It wouldn’t be fair to say the military hasn’t changed in recent years – there has been progress.
But a report that a “significant number” of people in the military have suffered “bullying, discrimination and harassment, including sexual”, is a damning assessment of how much further it needs to go to catch up with modern society.
It is made worse by the fact that the report was put together by one of its own, Air Chief Marshal Mike Wigston, not an outsider who could be dismissed as ‘not understanding the unique military culture’.
It is encouraging that Wigston will take over as head of the RAF next month, putting him in the perfect position to personally see through his recommendations.
He doesn’t hold back, describing senior officers as a “pack of white middle-aged men” and suggests they represent a generation “not used to having people from other diversity groups serving alongside them”.
No wonder the first female Defence Secretary Penny Mordaunt, herself a naval reservist, was quick to accept all the recommendations.
Service chiefs will write to all senior commanders ordering them to implement the changes, and the complaints process will be improved so that serious allegations are investigated more quickly.
There are more women in top military jobs than ever before – in February the RAF appointed its first female ‘three star’ to the rank of Air Marshal, the highest position yet to be held by a woman.
But they remain the exception, and all the very top positions are still held by men and have only ever been held by men – that doesn’t look like changing for a number of years yet.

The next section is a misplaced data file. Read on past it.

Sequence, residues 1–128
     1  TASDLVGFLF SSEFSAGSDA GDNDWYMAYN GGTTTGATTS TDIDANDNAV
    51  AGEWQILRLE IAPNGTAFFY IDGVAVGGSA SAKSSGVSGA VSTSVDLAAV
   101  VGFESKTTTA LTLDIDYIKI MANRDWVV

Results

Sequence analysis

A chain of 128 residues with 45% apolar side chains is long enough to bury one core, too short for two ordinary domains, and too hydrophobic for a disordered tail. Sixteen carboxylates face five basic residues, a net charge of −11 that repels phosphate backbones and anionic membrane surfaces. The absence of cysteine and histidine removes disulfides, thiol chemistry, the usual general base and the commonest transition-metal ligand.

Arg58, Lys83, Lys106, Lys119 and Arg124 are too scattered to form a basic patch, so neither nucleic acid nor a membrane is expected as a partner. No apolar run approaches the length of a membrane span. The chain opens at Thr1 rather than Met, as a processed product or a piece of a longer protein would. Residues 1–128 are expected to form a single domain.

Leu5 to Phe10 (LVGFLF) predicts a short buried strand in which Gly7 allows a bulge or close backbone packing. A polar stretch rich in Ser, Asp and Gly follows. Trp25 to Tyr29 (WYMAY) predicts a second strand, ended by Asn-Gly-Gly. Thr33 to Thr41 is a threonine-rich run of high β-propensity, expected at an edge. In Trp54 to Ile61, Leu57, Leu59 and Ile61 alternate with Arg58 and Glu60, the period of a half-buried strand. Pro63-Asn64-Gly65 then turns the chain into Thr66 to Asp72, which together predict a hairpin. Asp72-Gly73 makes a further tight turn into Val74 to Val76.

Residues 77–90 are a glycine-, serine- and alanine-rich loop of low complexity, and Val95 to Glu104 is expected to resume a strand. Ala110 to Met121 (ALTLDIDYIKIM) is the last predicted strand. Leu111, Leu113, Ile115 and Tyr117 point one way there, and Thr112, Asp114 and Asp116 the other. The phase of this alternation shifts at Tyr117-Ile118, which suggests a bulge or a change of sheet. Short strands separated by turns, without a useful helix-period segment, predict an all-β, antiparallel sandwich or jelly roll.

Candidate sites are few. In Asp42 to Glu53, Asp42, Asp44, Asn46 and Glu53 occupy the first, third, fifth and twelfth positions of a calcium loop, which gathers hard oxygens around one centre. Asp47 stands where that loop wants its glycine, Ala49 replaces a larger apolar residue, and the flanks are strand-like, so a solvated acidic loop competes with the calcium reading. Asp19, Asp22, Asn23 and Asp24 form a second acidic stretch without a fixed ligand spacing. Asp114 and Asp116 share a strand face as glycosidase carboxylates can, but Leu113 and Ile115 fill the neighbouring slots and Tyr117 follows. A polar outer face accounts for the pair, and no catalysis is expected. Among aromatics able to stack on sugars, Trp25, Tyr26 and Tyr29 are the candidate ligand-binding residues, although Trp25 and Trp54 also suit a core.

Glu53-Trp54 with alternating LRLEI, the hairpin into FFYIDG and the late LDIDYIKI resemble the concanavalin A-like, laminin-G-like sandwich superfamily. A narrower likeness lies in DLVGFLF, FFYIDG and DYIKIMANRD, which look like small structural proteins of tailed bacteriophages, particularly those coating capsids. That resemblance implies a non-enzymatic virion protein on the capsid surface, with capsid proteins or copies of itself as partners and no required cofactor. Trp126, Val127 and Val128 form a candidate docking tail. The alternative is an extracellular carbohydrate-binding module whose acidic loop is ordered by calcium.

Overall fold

It would be wrong to focus entirely on the most senior roles.
They might set the tone for an organisation, but it is the middle ranks who are often the most visible, and the middle ranks who will provide the next leaders.
Last year, entry into the Royal Marines was opened up to women, meaning that for the first time ever, all roles in the British military were open to female recruits, including the special forces.
It was biggest step forward since 2016 when the ban on women serving on the frontline was lifted.
But it still came many years after some close allies made similar progress.
As a ‘bottom-fed’ organisation, it will always take many years for changes to filter through the armed forces and some leniency must be given to what is a unique career in that regard.
Although lateral recruitment into senior jobs has been opened up for some roles, cyber for example, that just isn’t a goer for infantry positions, or fighter jet pilots.
You can’t leave your job as a teacher, aged 42, and go straight into a senior frontline command role for example. That would be dangerous for everyone.
The Ministry of Defence points out the great majority of the armed forces serve “with honour and distinction” and they absolutely do.
But the military will be even better for these changes and will only be able to truly protect Britain if it properly reflects the society it serves.
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